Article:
Bathsheba is best known because she was the object of David's adulterous affection. The way the story is usually told, a powerful and impulsive king, overcome with desire, swept an innocent young woman away into his chambers and then had her husband killed to cover up their crime. As with most things, there is more to the story.
To piece the story together, it is important to know just who Bathsheba was. From the story in 2 Sam 11, we know she was the wife of Uriah the Hittite. Of equal importance, she was the daughter of Eliam (2 Sam 11:3) and the granddaughter of Ahithophel (2 Sam 23:34).
A close reading of 2 Sam 23 reveals that both Uriah and Eliam were members of David's mighty men. It appears that they had been with David beginning with his time in the wilderness and formed the core of his forces during his rise to the throne. Placed in this context, David's behavior was especially vile. He betrayed and killed a man who had been close to him and loyal for many years.
Bathsheba's grandfather was Ahithophel who was David's counselor (1 Chr 27:34) Ahithophel never forgave David for his behavior with his granddaughter and her husband. When Absalom siezed power and drove his father out of Jerusalem, Ahithophel stayed behind and became chief advisor to the rebellion (2 Sam 15:30-31). It was he who advised Absalom to sleep with David's concubines (2 Sam 16:20-23).
Her pedigree casts Bathsheba's bathing on her roof into a different light. It is certain that she and David had known each other for years and that Bathsheba had grown up in the royal court. In other words, the bathing incident smells as much of enticement as it does of chance.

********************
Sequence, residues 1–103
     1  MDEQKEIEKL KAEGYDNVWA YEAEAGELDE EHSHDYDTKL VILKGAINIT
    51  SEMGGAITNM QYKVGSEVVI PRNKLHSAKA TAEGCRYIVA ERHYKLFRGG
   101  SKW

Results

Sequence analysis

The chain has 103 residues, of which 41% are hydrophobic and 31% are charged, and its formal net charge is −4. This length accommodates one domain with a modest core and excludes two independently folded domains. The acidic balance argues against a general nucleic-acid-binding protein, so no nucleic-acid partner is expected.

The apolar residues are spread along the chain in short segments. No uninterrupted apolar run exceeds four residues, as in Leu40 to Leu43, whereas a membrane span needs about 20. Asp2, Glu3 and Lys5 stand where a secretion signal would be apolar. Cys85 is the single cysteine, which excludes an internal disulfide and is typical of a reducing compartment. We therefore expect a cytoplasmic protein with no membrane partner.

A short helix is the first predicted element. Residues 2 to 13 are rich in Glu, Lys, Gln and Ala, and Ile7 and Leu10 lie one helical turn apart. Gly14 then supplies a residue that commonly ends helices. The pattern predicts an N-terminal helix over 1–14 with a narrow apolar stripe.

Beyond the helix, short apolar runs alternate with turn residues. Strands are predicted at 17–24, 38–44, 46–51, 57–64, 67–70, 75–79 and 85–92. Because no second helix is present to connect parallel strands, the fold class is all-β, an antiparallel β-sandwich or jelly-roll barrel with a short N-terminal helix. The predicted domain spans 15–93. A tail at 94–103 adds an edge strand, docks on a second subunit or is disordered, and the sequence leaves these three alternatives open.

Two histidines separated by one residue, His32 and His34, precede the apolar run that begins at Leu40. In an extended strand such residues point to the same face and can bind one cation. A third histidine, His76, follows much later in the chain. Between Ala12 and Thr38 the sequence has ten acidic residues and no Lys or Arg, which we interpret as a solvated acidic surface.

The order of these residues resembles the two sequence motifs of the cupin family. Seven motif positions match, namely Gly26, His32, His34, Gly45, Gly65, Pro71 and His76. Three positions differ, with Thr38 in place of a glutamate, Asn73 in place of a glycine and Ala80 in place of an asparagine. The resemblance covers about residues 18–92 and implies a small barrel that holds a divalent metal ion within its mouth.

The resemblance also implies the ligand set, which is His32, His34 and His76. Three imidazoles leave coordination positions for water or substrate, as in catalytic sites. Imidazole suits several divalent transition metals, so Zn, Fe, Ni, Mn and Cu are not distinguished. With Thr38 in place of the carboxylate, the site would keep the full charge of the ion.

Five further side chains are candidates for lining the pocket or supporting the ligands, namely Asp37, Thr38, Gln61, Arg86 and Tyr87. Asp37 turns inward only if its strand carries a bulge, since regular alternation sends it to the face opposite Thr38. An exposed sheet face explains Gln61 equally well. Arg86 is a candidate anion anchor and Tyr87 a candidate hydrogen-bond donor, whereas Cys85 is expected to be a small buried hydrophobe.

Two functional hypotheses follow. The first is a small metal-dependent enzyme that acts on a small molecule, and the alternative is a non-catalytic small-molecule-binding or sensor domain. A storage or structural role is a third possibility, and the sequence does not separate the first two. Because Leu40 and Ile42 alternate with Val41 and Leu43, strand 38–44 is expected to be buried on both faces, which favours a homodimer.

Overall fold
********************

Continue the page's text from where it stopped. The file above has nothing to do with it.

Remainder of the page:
Two other incidents will round out our understanding of the lady who was Solomon's mother. Both were during the struggle for who would succeed David upon his death.
Adonijah the son of Haggith took steps to have himself declared king as David's health failed. He assembled a following which included significant members of the army and the priesthood (1 Kings 1). It is in this context that we find Bathsheba conspiring with Nathan to have David anoint her son Solomon.
When the ploy succeeds in elevating Solomon to the throne, we come to the second incident. David had had a concubine at the end of his life named Abishag. When Adonijah spoke of the concubine to Bathsheba, Bathsheba told Solomon about the conversation. Solomon's reaction was immediate and violent. He had Adonijah killed. In that culture, for a member of the royal family to take the concubine of the former king was to assert his title to the throne.
In both of these incidents, the Bible records Bathsheba as being the responder - first to Nathan and then to Adonijah. While I'm sure that the conversations are accurate, it is curious that three times she is in just the right place at just the right time to move the story forward and establish her place in the royal line.
The Bible is sparse in the detail of its stories. If it were written as a novel, it would require many more volumes to hold all of the stories. It does, however, provide sufficient cross links to enable us to discern the motives of many of the actors. That is certainly the case with Bathsheba.